Whit­sun­days’ post­cy­clone mes­sage makes na­tional TV


SINGING PRAISES: Shan­non Noll poses with a “thank you to Vol­un­teer Whit­sun­days” sign.

SHE’S a na­tional TV star used to broad­cast­ing hu­man sto­ries to Aus­tralian homes five times a week, but Sa­man­tha Army­tage couldn’t help but be touched by what she saw in a Whit­sun­days re­cov­er­ing from Cy­clone Deb­bie last week.

“I am amazed at how well this re­gion has started to re­cover in just five weeks,” she said from the Air­lie Beach fore­shore on Fri­day.

“I think the peo­ple here are so won­der­ful, so re­silient.

“The spirit in the com­mu­nity is huge, it’s un­break­able.

“It’s been lovely to be back here.”

Ms Army­tage said af­ter be­ing in the Whit­sun­days to re­port on the dev­as­ta­tion of Cy­clone Deb­bie in March, she and her col­leagues on the pop­u­lar Chan­nel 7 Sun­rise show had promised they’d be back.

“Be­cause of­ten TV crews come into a dis­as­ter sit­u­a­tion then move on and ev­ery­one for­gets about it to be hon­est, but we are peo­ple of our word and here we are,” she said.

“My mes­sage to Aus­tralia is come and visit.

“I can tell you first hand it is open for busi­ness.”

Crowds flocked to the Air­lie Beach fore­shore to get a glimpse of Sun­rise in ac­tion – an event made pos­si­ble through the ef­forts of Tourism Whit­sun­days and Tourism and Events Queens­land and in con­junc­tion with a string of post-cy­clone mar­ket­ing cam­paigns.

Ms Army­tage was front and cen­tre, with fre­quent live crosses from Air­lie Beach, while her col­leagues Bianca Stone and Ed­wina Bartholomew broad­cast from Hamil­ton Is­land and Bowen re­spec­tively, with Kochie hold­ing the fort in the Chan­nel 7 Syd­ney studio.

On the ground in Air­lie Beach there were in­ter­views with prom­i­nent fig­ures such as Whit­sun­day Mayor An­drew Will­cox and tourism chief Craig Turner as well as the team from Whit­sun­day Fam­ily Prac­tice who saved lives with their pop up hospi­tal in the cy­clone’s im­me­di­ate wake.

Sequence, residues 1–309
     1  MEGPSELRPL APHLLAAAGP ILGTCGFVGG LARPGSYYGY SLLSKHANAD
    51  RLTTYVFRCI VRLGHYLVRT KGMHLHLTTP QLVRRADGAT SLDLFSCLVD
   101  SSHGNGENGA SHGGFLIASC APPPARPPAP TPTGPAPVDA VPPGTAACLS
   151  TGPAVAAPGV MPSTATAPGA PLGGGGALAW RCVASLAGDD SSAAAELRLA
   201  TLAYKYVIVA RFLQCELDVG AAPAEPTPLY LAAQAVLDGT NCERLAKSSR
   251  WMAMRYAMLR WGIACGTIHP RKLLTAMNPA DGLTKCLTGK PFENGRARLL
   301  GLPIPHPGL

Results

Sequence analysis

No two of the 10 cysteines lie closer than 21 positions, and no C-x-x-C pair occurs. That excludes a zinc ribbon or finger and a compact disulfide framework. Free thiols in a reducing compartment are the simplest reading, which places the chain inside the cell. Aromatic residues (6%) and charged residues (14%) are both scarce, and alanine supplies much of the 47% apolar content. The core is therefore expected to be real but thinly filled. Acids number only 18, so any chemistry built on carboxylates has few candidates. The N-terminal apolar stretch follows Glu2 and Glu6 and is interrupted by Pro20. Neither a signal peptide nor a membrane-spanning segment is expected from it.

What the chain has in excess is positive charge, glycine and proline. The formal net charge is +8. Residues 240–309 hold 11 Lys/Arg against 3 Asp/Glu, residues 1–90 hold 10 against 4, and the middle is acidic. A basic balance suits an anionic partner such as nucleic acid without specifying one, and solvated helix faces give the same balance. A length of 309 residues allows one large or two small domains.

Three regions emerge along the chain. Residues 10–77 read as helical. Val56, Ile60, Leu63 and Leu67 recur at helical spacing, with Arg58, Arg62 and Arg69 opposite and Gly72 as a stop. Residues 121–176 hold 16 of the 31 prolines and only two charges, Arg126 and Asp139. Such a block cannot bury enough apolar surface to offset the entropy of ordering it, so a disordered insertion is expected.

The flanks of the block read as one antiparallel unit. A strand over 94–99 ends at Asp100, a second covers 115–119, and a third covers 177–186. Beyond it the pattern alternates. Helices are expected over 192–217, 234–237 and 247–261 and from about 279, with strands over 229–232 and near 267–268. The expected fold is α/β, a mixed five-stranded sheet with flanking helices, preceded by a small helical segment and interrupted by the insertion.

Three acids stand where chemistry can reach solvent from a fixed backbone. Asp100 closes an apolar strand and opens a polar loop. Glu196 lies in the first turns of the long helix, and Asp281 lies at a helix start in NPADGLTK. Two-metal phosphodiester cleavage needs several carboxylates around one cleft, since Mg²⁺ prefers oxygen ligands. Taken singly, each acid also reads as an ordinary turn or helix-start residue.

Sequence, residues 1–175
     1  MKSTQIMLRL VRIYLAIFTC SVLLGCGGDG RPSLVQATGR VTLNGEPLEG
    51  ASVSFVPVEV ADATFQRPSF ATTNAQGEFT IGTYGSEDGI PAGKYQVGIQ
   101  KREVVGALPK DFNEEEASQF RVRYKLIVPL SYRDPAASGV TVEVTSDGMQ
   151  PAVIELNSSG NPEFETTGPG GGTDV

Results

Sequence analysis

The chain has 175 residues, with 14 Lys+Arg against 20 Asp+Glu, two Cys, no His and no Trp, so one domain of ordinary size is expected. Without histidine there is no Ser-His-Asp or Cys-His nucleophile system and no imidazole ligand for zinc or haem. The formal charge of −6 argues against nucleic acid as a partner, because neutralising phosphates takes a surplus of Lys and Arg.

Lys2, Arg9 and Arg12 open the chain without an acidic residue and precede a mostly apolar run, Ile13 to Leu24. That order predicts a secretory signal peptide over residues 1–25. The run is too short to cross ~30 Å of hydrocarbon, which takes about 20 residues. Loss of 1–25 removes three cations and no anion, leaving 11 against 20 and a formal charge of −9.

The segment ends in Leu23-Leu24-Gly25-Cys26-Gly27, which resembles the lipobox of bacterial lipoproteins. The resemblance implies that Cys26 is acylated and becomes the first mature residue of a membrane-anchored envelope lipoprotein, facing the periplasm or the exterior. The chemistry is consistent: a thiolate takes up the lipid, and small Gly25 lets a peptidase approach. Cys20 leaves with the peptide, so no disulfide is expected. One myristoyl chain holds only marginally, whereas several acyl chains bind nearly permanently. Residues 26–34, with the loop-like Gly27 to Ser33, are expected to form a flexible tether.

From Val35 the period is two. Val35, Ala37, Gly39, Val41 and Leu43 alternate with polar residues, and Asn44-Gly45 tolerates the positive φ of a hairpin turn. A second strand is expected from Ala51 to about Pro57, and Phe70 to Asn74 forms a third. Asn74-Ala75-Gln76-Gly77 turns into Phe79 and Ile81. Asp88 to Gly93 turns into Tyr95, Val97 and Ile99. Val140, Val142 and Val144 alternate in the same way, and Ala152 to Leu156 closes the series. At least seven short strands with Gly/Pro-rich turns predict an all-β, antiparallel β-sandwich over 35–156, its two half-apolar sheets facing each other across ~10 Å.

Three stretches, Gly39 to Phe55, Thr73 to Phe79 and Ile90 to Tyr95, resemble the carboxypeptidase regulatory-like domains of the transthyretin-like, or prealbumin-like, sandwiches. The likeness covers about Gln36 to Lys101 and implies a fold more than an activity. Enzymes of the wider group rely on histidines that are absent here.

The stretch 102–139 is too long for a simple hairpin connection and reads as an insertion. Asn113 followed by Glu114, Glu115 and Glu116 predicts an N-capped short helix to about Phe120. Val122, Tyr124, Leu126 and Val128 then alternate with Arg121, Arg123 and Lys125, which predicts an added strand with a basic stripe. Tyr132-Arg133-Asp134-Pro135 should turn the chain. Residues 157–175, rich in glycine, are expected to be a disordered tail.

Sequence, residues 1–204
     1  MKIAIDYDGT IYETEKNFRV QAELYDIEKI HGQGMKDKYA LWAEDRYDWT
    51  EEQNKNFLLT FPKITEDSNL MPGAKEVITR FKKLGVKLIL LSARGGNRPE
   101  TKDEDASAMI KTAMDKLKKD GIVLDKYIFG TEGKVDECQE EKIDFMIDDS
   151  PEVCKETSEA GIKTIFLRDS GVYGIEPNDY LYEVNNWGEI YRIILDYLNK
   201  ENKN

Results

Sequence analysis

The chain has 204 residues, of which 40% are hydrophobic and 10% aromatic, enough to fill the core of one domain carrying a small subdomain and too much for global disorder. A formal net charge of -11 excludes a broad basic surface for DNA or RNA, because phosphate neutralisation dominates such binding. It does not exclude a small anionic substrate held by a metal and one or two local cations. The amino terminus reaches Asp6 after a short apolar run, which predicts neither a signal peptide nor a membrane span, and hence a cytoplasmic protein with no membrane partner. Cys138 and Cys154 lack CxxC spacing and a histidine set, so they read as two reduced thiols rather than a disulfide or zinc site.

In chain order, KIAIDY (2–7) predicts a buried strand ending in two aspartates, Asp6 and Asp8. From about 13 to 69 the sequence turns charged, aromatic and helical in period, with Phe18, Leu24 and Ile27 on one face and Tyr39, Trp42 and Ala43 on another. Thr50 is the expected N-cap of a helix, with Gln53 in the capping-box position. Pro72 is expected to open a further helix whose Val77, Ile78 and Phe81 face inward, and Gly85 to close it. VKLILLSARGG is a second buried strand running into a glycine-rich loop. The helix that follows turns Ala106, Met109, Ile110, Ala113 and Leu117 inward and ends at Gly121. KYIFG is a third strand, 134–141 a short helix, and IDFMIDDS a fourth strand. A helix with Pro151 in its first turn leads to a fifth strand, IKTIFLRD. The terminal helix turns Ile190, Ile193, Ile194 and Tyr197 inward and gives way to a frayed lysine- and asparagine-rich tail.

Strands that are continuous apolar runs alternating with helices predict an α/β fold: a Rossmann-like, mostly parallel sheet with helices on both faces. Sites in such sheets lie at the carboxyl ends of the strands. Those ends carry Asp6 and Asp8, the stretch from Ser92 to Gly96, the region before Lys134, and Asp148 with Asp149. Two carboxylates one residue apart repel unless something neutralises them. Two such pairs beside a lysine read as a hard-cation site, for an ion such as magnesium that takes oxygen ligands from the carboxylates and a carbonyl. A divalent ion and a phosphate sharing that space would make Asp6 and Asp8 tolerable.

Whit­sun­day res­i­dent Maz McDougall had a sign, do­nated by Trop­i­cal Signs, made up specif­i­cally for the event be­cause she wanted to show the world the com­mu­nity’s thanks for the Vol­un­teer Whit­sun­days group.

“(It was) just to show how much the town has ap­pre­ci­ated all their work, the do­na­tions they man­aged to get, the chain­saw­ing they did, the GIVE shop they helped open, and also just for the com­mu­nity spirit that they man­aged to band to­gether af­ter the cy­clone,” she said.

Per­haps the big­gest high­light of the morn­ing though was a live per­for­mance from Shan­non Noll, who sang his smash hit What About Me? and his brand new sin­gle South­ern Sky.

Broad­cast live across the na­tion, Whit­sun­day stake­hold­ers agreed the en­tire ex­er­cise was an­other im­por­tant step in let­ting the world know that the Whit­sun­days was well and truly open for busi­ness.

Tourism Whit­sun­days CEO Craig Turner said the mes­sage was clear.

“I know it sounds like you hear it over again, but the re­al­ity is peo­ple can fly in from Bris­bane, Syd­ney, Mel­bourne and they can ac­tu­ally have a Whit­sun­day hol­i­day where they can be treated to a great des­ti­na­tion by peo­ple that run busi­nesses here. They can do tours, stay in great ho­tels, eat at great restau­rants... we are ac­tu­ally ready to wel­come vis­i­tors again,” he said.

“This is about get­ting as much reach as we can and high­light­ing what the Whit­sun­days looks like right now.

“It’s not about brochures or what we put out last year, it’s about what the vis­i­tors can ex­pect to see when they hop on a plane and ar­rive at ei­ther Hamil­ton Is­land Air­port, or Whit­sun­day Coast Air­port.”

Mr Turner said get­ting Sun­rise to the re­gion was part of a $2 mil­lion mar­ket­ing cam­paign.


LEFT: Set­ting up for a live cross on Sun­rise in Air­lie Beach. INSET: Sam Army­tage, of Sun­rise, pre­pares for Fri­day’s pro­gram.

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